In travelling across the arid desert, scouts upon camels and dromedaries are sent off in every direction to scour the country and look for springs of water. When these are discovered the finder immediately calls aloud of the nearest, "Come!" and this one repeats the word "Come!" to the next, and so this word passes from one to another until all hear and are gathered at the well. Now those of us who are Christians must do the same. We have heard the good news that Jesus Christ bore our sins in His own body on the tree. We have found the well of living waters, and we must raise the cry, "Come!"

New Cyclopaedia.
A woman came to a minister one day, carrying a bundle of wet sand. "Do you see what this is, sir?" said she. "Yes," was the reply, "it is wet sand." "But do you know what it means?" "I do not know exactly what you mean by it; what is it?" "Ah, sir," she said, "that's me, and the number of my sins they cannot be counted." And then she exclaimed, "Oh wretched creature that I am! how can a wretch as I ever be saved? Where did you get the sand?" asked the minister. "At the Beacon." "Go back then to the Beacon; take a spade with you; dig, dig, and raise a great mound; shovel it up as high as ever you can, then leave it there; take your stand by the sea-shore, and watch the effect of the waves upon the heap of sand." "Ah, sir," she exclaimed, "I see what you mean — the blood, the blood, the blood of Christ; it would wash it all away."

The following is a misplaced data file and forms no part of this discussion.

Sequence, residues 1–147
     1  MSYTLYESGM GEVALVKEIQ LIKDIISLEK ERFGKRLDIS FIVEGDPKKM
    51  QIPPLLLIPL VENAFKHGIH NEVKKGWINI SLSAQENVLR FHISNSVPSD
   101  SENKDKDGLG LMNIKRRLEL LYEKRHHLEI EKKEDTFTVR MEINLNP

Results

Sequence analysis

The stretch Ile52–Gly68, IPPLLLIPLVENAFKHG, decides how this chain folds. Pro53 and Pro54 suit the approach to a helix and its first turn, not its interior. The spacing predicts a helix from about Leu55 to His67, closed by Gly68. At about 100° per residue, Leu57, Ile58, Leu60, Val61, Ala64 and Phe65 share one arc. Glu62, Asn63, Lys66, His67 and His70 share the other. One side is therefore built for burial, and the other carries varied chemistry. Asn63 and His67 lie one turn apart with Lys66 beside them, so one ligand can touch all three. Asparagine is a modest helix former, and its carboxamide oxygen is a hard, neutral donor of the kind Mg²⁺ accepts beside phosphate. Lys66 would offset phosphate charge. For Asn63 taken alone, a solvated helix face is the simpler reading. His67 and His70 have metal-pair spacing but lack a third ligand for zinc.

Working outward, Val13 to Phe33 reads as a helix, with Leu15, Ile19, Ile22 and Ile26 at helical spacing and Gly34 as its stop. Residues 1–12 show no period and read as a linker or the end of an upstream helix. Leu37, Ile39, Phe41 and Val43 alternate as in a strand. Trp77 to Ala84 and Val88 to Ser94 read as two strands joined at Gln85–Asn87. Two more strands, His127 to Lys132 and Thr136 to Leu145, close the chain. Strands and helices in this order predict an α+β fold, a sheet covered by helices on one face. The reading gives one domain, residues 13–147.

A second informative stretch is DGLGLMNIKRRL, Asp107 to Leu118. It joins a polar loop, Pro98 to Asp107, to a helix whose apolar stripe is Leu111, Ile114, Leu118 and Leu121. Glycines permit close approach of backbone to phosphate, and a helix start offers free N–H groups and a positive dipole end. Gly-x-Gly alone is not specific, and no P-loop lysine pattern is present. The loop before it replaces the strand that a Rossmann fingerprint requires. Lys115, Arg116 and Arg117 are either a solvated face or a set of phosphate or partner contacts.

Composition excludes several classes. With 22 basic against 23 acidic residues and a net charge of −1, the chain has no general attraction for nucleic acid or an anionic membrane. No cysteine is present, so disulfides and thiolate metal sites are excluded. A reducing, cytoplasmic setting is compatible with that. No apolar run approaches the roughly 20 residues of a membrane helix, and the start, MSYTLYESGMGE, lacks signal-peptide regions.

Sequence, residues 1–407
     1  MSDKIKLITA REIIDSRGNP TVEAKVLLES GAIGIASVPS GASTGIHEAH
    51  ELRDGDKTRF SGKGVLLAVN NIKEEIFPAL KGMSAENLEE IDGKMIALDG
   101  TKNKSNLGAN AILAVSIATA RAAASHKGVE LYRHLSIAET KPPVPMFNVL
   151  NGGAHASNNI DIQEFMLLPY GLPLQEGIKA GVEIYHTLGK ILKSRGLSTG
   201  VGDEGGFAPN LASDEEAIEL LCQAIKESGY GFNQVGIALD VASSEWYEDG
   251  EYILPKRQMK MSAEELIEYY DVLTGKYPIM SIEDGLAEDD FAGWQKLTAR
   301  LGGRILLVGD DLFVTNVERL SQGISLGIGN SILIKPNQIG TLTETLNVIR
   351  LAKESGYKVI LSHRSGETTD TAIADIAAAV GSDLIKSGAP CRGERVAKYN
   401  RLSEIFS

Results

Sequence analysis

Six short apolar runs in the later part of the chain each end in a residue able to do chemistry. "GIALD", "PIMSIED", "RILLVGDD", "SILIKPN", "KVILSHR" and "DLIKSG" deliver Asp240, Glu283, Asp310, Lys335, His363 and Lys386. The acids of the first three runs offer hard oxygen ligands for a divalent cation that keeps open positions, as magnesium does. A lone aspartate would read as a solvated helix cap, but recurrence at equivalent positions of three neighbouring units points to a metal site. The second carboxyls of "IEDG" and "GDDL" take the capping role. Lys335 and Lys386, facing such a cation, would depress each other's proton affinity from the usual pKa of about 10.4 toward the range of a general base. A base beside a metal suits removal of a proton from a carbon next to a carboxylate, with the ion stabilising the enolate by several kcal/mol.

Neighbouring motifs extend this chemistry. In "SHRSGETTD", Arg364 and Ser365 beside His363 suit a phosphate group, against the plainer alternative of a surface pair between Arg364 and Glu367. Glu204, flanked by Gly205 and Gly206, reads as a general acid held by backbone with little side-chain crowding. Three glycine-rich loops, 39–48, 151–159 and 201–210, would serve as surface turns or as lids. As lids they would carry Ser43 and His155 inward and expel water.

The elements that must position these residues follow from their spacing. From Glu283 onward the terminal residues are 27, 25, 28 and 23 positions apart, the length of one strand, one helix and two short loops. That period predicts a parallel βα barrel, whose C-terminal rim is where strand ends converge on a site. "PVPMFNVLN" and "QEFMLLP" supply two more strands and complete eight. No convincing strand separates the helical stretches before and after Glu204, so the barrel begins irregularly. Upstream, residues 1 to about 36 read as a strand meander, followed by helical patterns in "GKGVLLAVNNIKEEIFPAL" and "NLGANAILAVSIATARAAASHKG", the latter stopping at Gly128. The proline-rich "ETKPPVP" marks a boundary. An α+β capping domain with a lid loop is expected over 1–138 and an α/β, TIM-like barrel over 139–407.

(New Cyclopaedia.)

Master eat... I have meat to eat that ye know not of
I. CHRIST forgets HIS EARTHLY FOOD.

II. THE WOMAN forgets HER EARTHLY PITCHERS.

(J. P. Lange, D. D.)

I. His ZEAL.

1. For His Father's house (John 2:17), purity of worship.

2. For His Father's will (John 9:4), the salvation of men.

3. For His Father's children (John 17:9), the sanctification of His Church.

II. His FOOD.

1. Heavenly in origin.

2. Spiritual in character.

3. Sustaining in quality.

4. Sufficient in supply.

(T. Whitelaw, D. D.)

I. It was a roadside conversation, an "accidental" interview. And yet in less time than an ordinary religious service HE HAS TOLD MANKIND THREE SECRETS.

1. What rest or peace is for every unsatisfied heart.

2. Who it is that knows these hearts through and through.

3. What God is, and how He may be found.

4. These are secrets, because for four thousand years the loftiest intellects had been striving to find them out. Prophets and kings, Solomons and Platos, desired to see these things, and did not.

II. WHERE SHOULD WE SAY THIS REVELATION WOULD BE MADE,

1. In some crowded church, advertised beforehand, with thousands of people and a popular orator?

2. In some lecture-hall with sharp-witted students stimulated by some master brain?

3. Notice that the occasion was commonplace. The teacher sat on the stones of a wayside well. The audience was one woman, not respectable. Men of the world that day were about their business. Fortunes were building and wasting. Rome was ruling. Athens was carving and painting and making orations. Jerusalem was garnishing the sepulchres of the righteous, and devouring widows' houses. But in one still spot two people were talking together of things which have helped to revolutionize the world.

III. WHILE THUS ENGAGED THE TEACHER'S ATTENTION WAS DISTRACTED. The disciples came and asked Him to eat. Then were repeated instances when, at the moment He needed sympathy most, those around Him went on chattering about superficial trifles, misunderstanding His teaching and His life. But Christ's patience always triumphed. He simply announces —